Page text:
As explained above, the "standard cyclist" is used to calculate the climb time. The actual used figures (watt, weight) do not matter very much for the ranking. If hill A has higher climb time than hill B for our standard cyclist, it will usually mean that hill A has a higher climb time than hill B for most other cyclists as well.

Standard cycling model

A mathematical model to calculate the speed of a cyclist, explained in

riderWatt = g * k1 * speedInMeterPerSecond * weightInKilos + k2 * (speedInMeterPerSecond + windSpeed) * (speedInMeterPerSecond + windSpeed) * speedInMeterPerSecond + g * weightInKilos * (slopeInPercent/100.0) * speedInMeterPerSecond;

Here g, k1, and k2 are constants. From wikipedia:

  • g is the earth's gravity constant, 9.81 m/s2
  • k1 is is a lumped constant for all frictional losses (tires, bearings, chain), and is generally reported with a value of 0.0053.
  • k2 is a lumped constant for aerodynamic drag and is generally reported with a value of 0.185 kg/m.

With this formula and Newton's laws we can calculate (assuming windspeed is 0) the speed of the rider at every spot of a climb.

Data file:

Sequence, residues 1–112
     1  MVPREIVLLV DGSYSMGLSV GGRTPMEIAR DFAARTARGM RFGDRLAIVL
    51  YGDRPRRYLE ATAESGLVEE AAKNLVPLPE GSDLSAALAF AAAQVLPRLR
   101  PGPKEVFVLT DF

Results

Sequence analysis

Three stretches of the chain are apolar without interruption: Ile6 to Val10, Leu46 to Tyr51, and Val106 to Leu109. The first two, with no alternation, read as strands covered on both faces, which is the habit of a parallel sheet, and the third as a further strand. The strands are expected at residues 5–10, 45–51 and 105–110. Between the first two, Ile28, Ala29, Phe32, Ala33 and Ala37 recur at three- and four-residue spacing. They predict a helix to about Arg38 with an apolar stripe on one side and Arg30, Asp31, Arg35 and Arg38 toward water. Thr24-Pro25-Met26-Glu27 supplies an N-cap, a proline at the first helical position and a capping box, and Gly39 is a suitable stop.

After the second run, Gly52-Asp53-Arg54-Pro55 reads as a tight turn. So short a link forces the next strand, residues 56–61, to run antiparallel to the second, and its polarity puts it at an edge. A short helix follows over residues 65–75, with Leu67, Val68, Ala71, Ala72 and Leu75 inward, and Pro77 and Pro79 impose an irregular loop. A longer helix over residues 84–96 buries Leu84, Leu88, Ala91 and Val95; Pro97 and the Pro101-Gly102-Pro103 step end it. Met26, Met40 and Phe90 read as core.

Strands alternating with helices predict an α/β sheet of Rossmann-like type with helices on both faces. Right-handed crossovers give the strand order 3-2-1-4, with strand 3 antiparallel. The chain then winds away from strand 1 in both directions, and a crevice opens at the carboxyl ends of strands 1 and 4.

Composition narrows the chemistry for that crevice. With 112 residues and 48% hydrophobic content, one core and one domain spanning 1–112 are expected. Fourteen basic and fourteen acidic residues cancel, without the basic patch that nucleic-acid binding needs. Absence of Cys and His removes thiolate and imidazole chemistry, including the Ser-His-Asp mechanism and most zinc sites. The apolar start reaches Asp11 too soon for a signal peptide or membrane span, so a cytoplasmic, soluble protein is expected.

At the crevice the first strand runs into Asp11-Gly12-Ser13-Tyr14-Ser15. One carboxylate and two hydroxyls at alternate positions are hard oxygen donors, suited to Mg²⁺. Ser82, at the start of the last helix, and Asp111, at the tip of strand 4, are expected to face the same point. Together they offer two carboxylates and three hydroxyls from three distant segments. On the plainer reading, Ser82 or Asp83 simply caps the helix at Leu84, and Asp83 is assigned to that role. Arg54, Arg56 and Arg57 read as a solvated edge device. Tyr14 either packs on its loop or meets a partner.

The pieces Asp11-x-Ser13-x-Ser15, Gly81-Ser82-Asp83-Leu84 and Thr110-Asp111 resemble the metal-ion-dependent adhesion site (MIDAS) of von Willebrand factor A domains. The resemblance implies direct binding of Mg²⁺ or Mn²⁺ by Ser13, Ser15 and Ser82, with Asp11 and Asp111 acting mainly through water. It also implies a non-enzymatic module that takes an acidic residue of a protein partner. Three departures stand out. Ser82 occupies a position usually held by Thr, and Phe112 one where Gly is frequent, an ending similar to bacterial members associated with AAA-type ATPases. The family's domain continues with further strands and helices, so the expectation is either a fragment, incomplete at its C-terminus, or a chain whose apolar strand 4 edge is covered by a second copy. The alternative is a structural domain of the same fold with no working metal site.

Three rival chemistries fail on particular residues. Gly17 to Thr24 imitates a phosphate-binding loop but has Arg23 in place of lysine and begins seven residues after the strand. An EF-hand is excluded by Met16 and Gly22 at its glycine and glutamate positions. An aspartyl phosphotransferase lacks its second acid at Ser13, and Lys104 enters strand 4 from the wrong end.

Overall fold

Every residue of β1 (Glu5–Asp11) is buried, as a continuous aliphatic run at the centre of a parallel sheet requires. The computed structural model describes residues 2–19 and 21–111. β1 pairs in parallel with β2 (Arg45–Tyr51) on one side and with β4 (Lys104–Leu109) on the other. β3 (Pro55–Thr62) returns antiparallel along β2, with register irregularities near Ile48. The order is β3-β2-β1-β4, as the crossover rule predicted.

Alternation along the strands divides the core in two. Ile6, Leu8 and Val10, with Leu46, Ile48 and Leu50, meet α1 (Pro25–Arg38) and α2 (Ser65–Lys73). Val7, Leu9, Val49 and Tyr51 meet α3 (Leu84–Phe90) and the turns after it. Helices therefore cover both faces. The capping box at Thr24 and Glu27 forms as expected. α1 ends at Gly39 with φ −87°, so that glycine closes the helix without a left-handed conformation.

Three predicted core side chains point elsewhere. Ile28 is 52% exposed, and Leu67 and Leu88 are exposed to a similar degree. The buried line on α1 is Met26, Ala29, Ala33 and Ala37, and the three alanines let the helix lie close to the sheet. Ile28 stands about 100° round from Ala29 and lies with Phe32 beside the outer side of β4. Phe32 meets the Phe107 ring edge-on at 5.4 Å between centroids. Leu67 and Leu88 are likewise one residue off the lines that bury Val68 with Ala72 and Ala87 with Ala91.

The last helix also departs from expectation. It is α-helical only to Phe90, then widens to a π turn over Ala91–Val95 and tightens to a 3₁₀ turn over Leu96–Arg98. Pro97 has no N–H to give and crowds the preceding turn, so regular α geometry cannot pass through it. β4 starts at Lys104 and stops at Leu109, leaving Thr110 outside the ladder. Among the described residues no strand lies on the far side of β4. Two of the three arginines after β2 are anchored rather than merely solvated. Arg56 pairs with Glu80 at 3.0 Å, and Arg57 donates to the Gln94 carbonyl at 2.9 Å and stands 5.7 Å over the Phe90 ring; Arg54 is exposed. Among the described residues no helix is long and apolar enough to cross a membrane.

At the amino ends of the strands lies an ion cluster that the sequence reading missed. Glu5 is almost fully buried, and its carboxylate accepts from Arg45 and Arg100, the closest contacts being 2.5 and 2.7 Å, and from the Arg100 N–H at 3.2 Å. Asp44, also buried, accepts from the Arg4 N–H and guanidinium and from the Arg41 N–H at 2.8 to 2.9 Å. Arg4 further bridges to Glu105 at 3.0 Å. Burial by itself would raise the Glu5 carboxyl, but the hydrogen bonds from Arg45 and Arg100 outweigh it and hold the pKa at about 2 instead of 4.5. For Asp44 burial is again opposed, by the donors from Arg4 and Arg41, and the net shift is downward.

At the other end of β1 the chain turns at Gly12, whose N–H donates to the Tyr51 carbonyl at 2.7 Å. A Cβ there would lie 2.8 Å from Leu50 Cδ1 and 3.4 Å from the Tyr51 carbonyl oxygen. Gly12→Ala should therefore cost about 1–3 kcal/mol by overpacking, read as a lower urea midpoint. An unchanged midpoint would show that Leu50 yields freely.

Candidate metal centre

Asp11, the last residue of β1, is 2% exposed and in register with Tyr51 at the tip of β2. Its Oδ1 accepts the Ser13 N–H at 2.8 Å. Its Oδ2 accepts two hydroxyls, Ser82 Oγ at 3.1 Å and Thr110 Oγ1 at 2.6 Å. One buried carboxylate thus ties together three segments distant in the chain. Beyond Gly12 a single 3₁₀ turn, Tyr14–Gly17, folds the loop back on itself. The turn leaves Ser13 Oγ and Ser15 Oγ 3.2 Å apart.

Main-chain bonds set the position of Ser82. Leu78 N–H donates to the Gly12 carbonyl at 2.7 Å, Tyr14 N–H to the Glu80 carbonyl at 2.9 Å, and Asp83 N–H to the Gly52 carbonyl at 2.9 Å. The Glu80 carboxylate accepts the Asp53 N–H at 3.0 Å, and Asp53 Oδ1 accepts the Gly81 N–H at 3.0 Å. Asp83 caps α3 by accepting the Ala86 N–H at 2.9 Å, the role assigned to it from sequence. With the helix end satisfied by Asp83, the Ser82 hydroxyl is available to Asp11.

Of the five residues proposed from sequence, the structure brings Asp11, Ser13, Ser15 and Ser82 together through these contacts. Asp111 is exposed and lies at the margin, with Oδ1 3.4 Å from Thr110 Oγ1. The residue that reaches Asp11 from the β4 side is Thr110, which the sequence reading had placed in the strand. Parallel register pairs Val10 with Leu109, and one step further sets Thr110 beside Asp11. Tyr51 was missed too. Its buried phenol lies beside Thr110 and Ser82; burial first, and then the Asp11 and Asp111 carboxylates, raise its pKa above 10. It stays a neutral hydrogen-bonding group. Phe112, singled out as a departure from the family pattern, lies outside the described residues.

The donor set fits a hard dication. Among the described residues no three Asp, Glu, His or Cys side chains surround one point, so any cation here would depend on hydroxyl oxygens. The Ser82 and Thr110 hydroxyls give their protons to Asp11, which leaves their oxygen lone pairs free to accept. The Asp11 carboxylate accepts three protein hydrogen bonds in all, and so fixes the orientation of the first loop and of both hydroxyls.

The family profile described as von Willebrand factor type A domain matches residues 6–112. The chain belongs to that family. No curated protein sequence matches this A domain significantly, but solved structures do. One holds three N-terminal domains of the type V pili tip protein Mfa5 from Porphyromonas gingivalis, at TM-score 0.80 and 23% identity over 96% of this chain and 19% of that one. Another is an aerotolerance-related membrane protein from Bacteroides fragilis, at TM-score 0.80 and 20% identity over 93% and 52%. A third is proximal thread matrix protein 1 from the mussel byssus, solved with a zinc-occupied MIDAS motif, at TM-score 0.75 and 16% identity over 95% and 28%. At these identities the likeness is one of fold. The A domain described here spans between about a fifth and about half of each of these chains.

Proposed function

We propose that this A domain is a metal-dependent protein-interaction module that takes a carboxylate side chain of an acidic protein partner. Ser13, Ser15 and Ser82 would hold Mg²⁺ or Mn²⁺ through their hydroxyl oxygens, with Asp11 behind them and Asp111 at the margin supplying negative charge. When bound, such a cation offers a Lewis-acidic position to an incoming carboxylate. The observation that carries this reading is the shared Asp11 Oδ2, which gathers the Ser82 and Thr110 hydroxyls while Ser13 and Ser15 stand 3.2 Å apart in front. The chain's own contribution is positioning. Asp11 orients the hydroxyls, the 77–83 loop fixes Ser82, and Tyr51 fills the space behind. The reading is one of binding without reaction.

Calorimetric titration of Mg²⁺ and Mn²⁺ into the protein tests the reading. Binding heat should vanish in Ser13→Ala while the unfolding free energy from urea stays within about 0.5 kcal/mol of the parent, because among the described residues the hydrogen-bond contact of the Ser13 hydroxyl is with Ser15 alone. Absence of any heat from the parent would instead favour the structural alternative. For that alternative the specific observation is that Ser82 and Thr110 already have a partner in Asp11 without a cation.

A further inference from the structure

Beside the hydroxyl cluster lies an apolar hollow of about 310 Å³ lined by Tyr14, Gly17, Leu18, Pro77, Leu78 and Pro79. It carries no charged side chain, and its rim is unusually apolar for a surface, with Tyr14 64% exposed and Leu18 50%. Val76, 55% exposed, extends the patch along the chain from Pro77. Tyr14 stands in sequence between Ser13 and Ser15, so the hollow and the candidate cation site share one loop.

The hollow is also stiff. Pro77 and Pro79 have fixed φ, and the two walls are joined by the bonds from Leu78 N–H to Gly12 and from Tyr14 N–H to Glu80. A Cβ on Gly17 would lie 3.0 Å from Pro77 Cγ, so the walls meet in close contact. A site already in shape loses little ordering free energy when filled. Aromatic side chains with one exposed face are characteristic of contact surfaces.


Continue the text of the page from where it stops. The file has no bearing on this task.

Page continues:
This model is a simplification, but it is accurate enough to be useful. I found that the model does not work well for very steep hill parts, where actual speed is lower due to the amount of force that is needed to make the pedals go around. My bike has lowest gear 42x23; when cycling close to 20% uphill, my speed becomes lower than the theoretical speed, probably due to the enormous (for me, that is..) force needed.

Determining height

Two methods have been used to determine the height profiles of the hills on this web site:


The height profile of most hills has been estimated using "DEM", using elevation data that can be freely downloaded from This data divides the earth in a grid of 90x90 square meters, and gives for every square the average elevation.

I downloaded all elevation data for Skåne and wrote a computer program that (using interpolation) can return the height for any spot in Skåne.

Most of the time, the obtained elevation data is accurate enough. But this method does not work very well in steep areas, areas where there are many small hills, or on places where the road is not at the same level as the surroundings (e.g. bridges).


A barometer can be used to determine height differences, see for example

I recently bought a Sony Ericsson Xperia Active, which has a built-in barometer. I wrote an app that samples the elevation + GPS location. By sampling the same hill several times, this method should give more accurate results than the DEM method.

On my to do list: sample more hills using this method.

A side note: also GPS reports altitude, but in my experience the precision can be less than 20 meters accurate, which makes this method useless for the purposes of this web site. The accuracy seems to depend on the positions of the GPS satellites.